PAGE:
|Publication number||US2735986 A|
|Publication date||Feb 21, 1956|
|Filing date||Mar 5, 1953|
|Publication number||US 2735986 A, US 2735986A, US-A-2735986, US2735986 A, US2735986A|
|Inventors||A. E. Hylas|
|Export Citation||BiBTeX, EndNote, RefMan|
|Patent Citations (1), Referenced by (6), Classifications (9)|
|External Links: USPTO, USPTO Assignment, Espacenet|
Feb. 21, 1956 A. E. HYLAS ETAL 2,735,986
ELECTRICAL HYBRID RING NETWORK o INVENTORS c WALTER V TYM/NSKI BY ALBERT E. HYLAS Fig. 2
6 A TTORNE Y5 Feb. 21, 1956 HYLAs r 2,735,986 I ELECTRICAL HYBRID RING NETWORK Filed March 5, 1953 4 Sheets-Sheet 3 E] o E 8 o m E g 3 w o Q E E :0 d5 4 N O 5 co 5:
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ifiO HBMOd .LNEIOHHd ind INVENTORS WALTER M TYM/NSKI BY ALBERT E. HYLAS ag) v I TTORNEYS Feb. 21, 1956 A. E. HYLAS ETAL 2,735,986
ELECTRICAL HYBRID RING NETWORK v Filed March 5, 1953 4 Sheets-Sheet 4 INPUT ADMITT VS. FREQUENCY OF WIDE ND YBRID RING WITH CAPACITANCE AT TERMINALS 2813 /binICORRECTED BY Zyyf ACCROSS INPUT TERMINAL.)
SHUNT CAPACITANCE OF 2.0M! AcRoss INPUT TERM.
'IO 20 3O 4O 5 6O 7O 8O 90 I00 II I20 I30 -9-IN 2.0,uyf ASSUMED B IN WITH son LOAD (b 0.428 AT e= NORMALIZED INPUT CONDUCTANCE BISUSCEPTANCE 2,735,986 liateetssl. Eeksee as nge.
creasing the band of, fregyencies over which a Magic T network is adapted to operate.
Ihetqtm, M gic, Ti, sgener o a i y of. electric l s saits. Some. f. wh ch r d s uss d inv Mic owav Duplexers by Smullin and Mgnftggmerygvol. 14; ofjhe M. I. T. Radiation Laboratory Series published by Mc- Graw-Hill. Most embodiments of MagidTliitworka??? limited in operation to a relatively narrow band of frequencies and are, therefore, termed frequency sensitive. However; one embodiment, a hybfid iin'g,6r riiig-difcizit, type of-Magic-Twhich 8 a of a closed loop of transmission line, may 'berriade to dp'erate over a comparativ'ely wide band of frequencies and is therefore called .ffrequency insensitive. The length of the line forming network because the one-wavelength loop is divided into 1 a. or. four arms, each approximately quarter wave ength, or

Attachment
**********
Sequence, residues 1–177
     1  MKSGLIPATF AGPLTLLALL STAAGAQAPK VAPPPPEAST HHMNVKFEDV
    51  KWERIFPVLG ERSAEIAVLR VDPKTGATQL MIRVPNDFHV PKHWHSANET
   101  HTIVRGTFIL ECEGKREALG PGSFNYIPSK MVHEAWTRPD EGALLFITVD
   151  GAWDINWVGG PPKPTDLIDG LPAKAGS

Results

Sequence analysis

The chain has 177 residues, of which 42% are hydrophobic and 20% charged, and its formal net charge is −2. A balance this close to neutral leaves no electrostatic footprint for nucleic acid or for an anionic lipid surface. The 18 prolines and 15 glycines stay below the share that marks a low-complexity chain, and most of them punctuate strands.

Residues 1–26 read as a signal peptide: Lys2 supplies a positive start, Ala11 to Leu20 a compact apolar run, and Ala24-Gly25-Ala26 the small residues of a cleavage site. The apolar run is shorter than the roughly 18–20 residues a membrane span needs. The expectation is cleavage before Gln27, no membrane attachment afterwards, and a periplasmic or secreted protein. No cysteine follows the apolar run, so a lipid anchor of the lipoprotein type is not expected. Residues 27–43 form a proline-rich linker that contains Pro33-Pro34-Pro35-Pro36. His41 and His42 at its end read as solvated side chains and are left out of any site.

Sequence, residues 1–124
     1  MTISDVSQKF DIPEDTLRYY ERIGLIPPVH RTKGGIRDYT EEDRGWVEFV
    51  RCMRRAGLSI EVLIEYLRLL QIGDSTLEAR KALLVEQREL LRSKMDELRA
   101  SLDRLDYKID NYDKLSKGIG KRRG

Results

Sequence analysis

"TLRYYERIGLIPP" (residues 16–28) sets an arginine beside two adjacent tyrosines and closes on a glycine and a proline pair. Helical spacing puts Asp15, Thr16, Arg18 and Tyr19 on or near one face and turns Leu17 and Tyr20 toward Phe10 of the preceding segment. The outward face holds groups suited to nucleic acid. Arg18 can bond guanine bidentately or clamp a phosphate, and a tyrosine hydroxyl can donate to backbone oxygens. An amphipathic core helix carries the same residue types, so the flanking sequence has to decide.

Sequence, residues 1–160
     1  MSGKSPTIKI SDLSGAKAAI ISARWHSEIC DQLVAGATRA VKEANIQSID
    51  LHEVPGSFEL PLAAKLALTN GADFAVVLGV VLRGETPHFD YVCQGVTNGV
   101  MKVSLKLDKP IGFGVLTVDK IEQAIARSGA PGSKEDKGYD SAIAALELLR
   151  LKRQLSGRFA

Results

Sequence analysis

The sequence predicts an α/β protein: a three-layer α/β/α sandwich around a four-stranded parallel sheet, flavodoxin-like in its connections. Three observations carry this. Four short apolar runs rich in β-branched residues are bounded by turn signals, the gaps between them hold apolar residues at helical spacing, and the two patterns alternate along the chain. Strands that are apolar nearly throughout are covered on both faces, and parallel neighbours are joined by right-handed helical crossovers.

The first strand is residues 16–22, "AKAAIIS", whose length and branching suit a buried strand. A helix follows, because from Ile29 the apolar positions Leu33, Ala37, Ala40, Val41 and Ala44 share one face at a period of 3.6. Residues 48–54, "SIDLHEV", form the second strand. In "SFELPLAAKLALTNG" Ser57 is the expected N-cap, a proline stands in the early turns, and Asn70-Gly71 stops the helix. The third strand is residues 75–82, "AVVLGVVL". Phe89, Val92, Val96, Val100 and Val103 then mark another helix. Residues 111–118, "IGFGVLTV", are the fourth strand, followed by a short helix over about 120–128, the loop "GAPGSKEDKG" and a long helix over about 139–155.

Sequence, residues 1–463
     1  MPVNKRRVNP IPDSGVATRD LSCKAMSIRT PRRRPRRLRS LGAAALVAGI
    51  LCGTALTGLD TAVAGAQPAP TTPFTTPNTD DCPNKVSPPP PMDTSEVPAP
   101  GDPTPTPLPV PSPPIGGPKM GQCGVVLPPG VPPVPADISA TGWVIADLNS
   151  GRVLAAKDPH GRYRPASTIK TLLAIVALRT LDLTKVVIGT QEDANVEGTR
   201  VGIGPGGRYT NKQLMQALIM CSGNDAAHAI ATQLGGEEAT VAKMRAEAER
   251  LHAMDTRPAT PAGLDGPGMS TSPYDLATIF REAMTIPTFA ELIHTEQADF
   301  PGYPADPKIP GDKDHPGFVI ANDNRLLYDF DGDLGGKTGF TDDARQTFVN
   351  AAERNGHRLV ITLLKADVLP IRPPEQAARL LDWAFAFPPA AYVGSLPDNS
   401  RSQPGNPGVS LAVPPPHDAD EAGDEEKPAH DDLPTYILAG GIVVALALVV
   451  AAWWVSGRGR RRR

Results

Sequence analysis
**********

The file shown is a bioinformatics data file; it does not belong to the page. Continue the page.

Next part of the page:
at all s s It' lias'been' found tliat the terminating"impedancs' at dutput trininaPpai'rs' sometimes comprisere'ac'tiv ponents'which haveaparticularly d" let'erious e6: operationof'a'widebandring';'
One object of the invention is to wide band hybrid 'rirignetwork.
Another object is to balance out the undesired reactive components of a wideban d ring.
Other objects will appearjfrom a study of the follow- 38 'LSPecification together h the drawings in which: Figure 1 is a schemat' iag ram of a 671/4 wide band hybrid ring; l
provide an imprpyed operable over a wide band'bf frequencies, the inyegting Figure 2 is an elaboration of Figure l for mathematical a y *.--'.s 1 r11 "1.
Figure 3 shows reactance and admittance curves of the ring of Figure l for purely resistive terminations;
Figure 4 gives the response curves of the ring of Figure1;and
Figure 5 cqrrespondsto Eigyre} and illustrates curves for terminations including reactive components.
One embodiment of the invention comprises a loop of two-conductor transmission line. The two ends of the line are connected t asse loopfbu'tf in making the connection, the twoc'oiiductors are twisted, or transposed. Four pairs of terminals arg spaiced at s ubs tantially equal distances arouridjt v W means the twist; or transposition, is located between we of the pairs of terminals. Alter; masses of terminals "srve as lnpufter rfiifialywhile tire remaining pairs of terminals are outpufter'minals'r As set forth hereinaboye, stray capacitance across the output terminals introduces an undesired reactive com- PQP l91lh qauivalen mpedance oti he 1:09p- Jae aaas tiye ,re aa e v i e"s ut1;u t rmina s s trans.- formed, ull... tran mi sion l ne. f rming the loop, int an equivalent inductive re ctance at the input terminals. Iiiorder to cancel out this equivalent inductive reactance, Rfig ipt ,isvcmmected' a ross. the input'ternipa s" It 1 assatqaas assay to re n the dde qce acitarice with the equivalent induct at certain portions of the operating frequency band, and one preferred condition is that the cl "c pa cg be approximately equal to the capacit anceat0ne oflhe pairs of output amina e Qthe mma a udes r hv vcapacitance will adetermi e h reina ter.